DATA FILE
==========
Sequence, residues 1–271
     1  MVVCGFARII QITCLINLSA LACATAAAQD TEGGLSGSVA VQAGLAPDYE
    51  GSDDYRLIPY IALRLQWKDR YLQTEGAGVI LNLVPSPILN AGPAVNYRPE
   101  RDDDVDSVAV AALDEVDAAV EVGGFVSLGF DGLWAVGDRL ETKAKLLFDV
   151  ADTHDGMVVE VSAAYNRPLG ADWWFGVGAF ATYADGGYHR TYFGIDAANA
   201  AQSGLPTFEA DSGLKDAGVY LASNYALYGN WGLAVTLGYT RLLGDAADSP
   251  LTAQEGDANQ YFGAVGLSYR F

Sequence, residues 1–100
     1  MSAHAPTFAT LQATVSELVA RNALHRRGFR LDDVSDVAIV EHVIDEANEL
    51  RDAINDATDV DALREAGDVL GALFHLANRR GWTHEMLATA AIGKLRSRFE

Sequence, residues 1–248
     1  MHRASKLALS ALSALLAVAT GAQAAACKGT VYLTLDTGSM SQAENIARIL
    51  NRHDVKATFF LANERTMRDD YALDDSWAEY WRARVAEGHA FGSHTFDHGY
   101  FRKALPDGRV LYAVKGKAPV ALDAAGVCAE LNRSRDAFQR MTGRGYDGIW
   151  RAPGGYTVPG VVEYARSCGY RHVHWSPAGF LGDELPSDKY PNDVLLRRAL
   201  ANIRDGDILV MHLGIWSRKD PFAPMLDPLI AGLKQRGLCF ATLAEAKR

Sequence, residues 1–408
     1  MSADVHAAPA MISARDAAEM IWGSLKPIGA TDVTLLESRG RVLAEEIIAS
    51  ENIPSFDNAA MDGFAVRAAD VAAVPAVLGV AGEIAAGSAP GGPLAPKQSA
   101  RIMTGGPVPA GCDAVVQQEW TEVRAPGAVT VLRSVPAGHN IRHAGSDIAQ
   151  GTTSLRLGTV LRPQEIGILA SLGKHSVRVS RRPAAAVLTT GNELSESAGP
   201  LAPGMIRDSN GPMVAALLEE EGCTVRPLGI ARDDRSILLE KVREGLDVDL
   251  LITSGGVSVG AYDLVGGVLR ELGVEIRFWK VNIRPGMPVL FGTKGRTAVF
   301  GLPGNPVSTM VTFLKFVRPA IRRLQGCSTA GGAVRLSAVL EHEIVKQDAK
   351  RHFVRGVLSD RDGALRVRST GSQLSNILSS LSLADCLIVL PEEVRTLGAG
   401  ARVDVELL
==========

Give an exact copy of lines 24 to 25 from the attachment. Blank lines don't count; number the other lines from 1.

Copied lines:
   301  GLPGNPVSTM VTFLKFVRPA IRRLQGCSTA GGAVRLSAVL EHEIVKQDAK
   351  RHFVRGVLSD RDGALRVRST GSQLSNILSS LSLADCLIVL PEEVRTLGAG